On the last day of April the Ministry of Justice published its quarterly offender management statistics; the latest quarter in focus was October to December 2019 which means that we have a full data set for last year. Careful reading revealed a number of interesting trends which Russel Webster hopes readers will find of interest.
The prison system
Overall, the total prison population has stayed at a reasonably consistent level over the 12 months up to the end of March this year (although it has been falling by a few hundred every week since the impact of coronavirus as a result of the courts being much less busy and, consequently, sending far fewer people to prison).
However, this headline figure hides some interesting trends:
- The number of people being sent to prison dropped noticeably last year, a fall of 6% in what are termed “first receptions” compared to 2018.
- The reason that this has not resulted in a smaller prison population is that there were 10% fewer releases in 2019, attributed to the developing trend for the prison population to hold a greater proportion of people serving longer sentences.
- This rise in the proportion of long-term prisoners has been, to an extent, driven by the increase in the number of sexual offenders. However, this year’s figures provide evidence of this trend levelling off – there was actually a 4% decrease in the number of prisoners serving sentences for sexual offences in the overall prison population in the 12 months to 31st of March 2020. Nevertheless, on that day there were 12,774 people in prison for sex offences – 18% of the sentenced prison population.
- Worryingly the remand population has shot up by 12% over the last year.
- We have seen that the number of people sent to prison has fallen, as has the number of people being released. However one area which continues to see an increase is the number of people recalled to prison whilst on licence in the community. There were 6,789 licence recalls in just the last quarter of 2019 – an increase of 6% on the same quarter the previous year.
Another area which has seen an increase is the number of Foreign National Offenders (FNOs) held in custody and in the HMPPS-operated Immigration Removal Centre at Morton Hall. There were 9,283 (1,952 remand, 6,639 sentenced and 692 non-criminal) foreign nationals in custody on 31 March 2020, representing 11% of the total prison population, and an increase of 2% on the previous year. The most common nationalities of these Foreign Nationals Albanian (11% of the FNO population), Polish (9%), Romanian (9%), Irish (8%) and Jamaican (5%).
The probation system
The total number of offenders on probation (i.e. court orders and pre/post supervision) at the end of December 2019 was 247,759. This represents a 3% decrease compared to the end of December 2018 and an increase of 3% compared to a decade earlier – December 2009.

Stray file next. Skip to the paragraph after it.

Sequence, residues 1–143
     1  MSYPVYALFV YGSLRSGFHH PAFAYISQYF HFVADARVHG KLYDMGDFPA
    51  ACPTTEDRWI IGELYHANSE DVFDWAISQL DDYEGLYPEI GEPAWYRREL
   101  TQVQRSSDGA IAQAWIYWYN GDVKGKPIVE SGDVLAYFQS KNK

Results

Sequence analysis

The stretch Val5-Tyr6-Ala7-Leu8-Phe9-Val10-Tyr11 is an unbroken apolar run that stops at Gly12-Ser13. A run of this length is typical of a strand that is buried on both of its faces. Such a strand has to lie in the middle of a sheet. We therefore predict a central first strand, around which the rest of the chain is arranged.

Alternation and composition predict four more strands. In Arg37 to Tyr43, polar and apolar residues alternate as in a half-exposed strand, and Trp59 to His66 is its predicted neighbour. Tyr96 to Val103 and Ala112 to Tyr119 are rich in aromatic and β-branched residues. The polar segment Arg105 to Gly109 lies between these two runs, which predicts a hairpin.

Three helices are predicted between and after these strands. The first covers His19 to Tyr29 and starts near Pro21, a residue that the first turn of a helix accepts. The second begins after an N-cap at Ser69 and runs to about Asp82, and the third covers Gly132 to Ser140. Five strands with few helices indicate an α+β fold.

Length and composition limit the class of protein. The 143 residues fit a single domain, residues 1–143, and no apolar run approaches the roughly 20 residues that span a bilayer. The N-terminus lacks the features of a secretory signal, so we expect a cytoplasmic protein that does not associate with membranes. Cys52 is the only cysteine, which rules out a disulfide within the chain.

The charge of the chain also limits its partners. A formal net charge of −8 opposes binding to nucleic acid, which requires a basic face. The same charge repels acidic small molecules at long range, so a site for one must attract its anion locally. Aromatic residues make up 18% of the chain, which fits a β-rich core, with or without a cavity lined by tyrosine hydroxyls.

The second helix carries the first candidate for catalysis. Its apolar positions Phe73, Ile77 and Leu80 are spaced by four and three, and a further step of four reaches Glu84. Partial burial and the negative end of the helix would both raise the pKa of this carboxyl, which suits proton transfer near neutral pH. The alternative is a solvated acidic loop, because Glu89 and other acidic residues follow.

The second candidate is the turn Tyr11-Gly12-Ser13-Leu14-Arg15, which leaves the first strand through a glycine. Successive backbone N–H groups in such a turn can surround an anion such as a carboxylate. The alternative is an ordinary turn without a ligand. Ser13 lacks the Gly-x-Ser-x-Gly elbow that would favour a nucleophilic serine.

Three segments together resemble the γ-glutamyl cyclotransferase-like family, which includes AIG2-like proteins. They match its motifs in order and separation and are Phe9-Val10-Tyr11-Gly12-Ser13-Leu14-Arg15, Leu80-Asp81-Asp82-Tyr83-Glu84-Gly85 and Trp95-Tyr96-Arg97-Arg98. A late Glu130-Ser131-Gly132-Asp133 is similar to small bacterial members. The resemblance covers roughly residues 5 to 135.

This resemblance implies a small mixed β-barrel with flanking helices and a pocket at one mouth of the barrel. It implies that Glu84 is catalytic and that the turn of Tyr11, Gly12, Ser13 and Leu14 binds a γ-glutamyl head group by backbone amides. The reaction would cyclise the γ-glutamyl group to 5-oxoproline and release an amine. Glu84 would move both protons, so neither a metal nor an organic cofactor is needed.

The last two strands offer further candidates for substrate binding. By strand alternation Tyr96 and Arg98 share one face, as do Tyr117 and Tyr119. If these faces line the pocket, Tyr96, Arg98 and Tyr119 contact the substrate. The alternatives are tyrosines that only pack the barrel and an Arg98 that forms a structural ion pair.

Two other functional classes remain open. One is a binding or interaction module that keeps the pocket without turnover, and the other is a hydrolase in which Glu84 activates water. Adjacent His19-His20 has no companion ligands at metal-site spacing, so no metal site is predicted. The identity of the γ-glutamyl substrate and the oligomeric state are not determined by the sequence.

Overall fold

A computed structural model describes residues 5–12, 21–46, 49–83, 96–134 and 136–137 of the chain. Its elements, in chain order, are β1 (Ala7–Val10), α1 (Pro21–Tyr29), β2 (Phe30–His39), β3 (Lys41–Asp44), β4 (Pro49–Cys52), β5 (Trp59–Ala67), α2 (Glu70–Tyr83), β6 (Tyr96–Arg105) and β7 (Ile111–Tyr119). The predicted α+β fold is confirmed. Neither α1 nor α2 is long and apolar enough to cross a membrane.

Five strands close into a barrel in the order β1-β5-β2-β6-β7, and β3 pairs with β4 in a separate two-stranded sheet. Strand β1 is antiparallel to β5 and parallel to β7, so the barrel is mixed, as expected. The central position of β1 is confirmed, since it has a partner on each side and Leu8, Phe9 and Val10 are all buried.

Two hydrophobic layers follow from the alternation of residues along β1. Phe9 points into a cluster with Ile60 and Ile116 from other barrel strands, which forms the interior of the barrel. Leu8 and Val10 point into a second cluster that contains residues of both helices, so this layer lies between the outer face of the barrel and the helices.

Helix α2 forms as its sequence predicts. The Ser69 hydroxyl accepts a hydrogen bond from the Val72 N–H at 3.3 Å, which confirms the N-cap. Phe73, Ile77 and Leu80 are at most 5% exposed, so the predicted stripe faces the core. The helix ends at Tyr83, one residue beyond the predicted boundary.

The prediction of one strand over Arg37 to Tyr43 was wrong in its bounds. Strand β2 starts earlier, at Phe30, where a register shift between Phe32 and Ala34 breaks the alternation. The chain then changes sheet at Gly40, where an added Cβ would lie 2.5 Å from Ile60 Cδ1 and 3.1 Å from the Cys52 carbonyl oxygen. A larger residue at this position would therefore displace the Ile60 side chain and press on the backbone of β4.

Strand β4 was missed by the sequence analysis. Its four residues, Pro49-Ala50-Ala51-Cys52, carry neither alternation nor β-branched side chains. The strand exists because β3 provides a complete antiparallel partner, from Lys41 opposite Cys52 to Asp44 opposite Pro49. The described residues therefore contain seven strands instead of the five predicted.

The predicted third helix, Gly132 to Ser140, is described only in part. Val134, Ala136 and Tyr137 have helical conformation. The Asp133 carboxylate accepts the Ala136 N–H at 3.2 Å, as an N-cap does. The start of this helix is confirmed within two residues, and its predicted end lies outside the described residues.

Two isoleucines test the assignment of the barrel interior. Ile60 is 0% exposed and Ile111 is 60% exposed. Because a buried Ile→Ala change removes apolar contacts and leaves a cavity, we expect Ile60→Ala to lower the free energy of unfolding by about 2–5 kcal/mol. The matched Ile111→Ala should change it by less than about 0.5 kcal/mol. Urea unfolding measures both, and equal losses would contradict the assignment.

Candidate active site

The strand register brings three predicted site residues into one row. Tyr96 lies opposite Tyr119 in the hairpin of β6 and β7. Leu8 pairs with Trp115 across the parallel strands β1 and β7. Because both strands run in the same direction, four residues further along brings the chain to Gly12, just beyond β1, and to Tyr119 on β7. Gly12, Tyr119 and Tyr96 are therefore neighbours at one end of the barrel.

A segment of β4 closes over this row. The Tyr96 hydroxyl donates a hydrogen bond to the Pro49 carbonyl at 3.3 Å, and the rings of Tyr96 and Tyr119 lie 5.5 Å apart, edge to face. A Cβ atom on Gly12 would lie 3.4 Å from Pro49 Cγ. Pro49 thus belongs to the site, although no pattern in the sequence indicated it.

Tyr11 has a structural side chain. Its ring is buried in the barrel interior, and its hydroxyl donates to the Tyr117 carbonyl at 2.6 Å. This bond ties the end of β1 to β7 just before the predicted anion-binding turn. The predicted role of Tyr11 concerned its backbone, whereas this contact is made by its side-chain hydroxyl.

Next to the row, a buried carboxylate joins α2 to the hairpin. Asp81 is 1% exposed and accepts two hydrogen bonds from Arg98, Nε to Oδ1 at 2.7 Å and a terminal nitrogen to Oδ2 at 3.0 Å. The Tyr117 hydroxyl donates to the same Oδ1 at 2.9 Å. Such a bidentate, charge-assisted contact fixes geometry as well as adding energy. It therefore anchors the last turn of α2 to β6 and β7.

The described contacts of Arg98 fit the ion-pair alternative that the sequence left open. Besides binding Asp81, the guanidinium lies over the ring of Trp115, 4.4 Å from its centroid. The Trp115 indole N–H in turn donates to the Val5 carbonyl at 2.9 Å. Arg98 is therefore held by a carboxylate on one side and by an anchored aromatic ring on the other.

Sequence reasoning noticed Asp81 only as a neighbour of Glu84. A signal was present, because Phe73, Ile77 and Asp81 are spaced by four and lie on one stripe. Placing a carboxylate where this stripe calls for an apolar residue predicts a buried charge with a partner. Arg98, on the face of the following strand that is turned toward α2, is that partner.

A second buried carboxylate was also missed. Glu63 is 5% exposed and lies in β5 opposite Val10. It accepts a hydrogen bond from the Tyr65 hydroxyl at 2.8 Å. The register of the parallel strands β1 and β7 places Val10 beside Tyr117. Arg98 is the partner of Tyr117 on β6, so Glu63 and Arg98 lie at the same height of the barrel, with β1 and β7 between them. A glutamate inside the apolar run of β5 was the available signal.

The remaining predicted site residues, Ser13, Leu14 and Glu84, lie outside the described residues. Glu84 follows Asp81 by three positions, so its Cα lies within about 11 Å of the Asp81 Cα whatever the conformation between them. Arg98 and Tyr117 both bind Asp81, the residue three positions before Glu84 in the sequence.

Since 2009, the number of offenders supervised by the Probation Service has decreased year on year to 217,359 at the end of December 2014. However, at the end of December 2019, the total probation caseload stood at 247,759 which represents a 3% decrease compared to 31 December 2018 but a 14% increase since 2014.
This increase can be explained by the implementation of the Offender Rehabilitation Act (ORA) in February 2015 where all offenders on a custodial sentence are subjected to statutory supervision on release from prison. Previously, only adults sentenced to over 12 months in custody and all young offenders were subject to statutory supervision. The number of offenders supervised before or after release from prison has increased by 34% since 2014 to 146,786 at the end of December 2019. In comparison to the previous year, that number decreased by 2%; those supervised under post-release alone decreased by 4% over the same period.
While the number of short-term prisoners on statutory supervision has increased over recent years, the total number of people supervised on court orders continues to fall. At the end of December 2019, there were just 106,234 people on supervision to the probation service for orders made by the court, a 5% decline compared to 2018 and a fall of almost 15% since 2016.
The number of requirements attached to community orders has fallen faster than the overall community order caseload. In the last quarter of last year, requirements to perform unpaid work fell by 11%, drug treatment requirements fell by 16% and accredited programme requirements were down by 7%. At the same time, requirements attached to suspended sentence supervision orders were increasing with the number of requirements to perform unpaid work and undertake accredited programmes up by 5% and 4% respectively in the last quarter of 2019.
One of the reasons why it is worth paying particular attention to this information at the moment is that it is quite likely that statistics over the next few quarters will be misleading as their figures will inevitably have been distorted by the impact of coronavirus.
A number of future scenarios are possible. We might see prison populations increase rapidly again as the courts get back to business; alternatively, given the pressure on the prison service revealed even more glaringly by the pandemic, is it perhaps possible that we will see sentencers make more use of community orders again?
This blog was written by Russell Webster.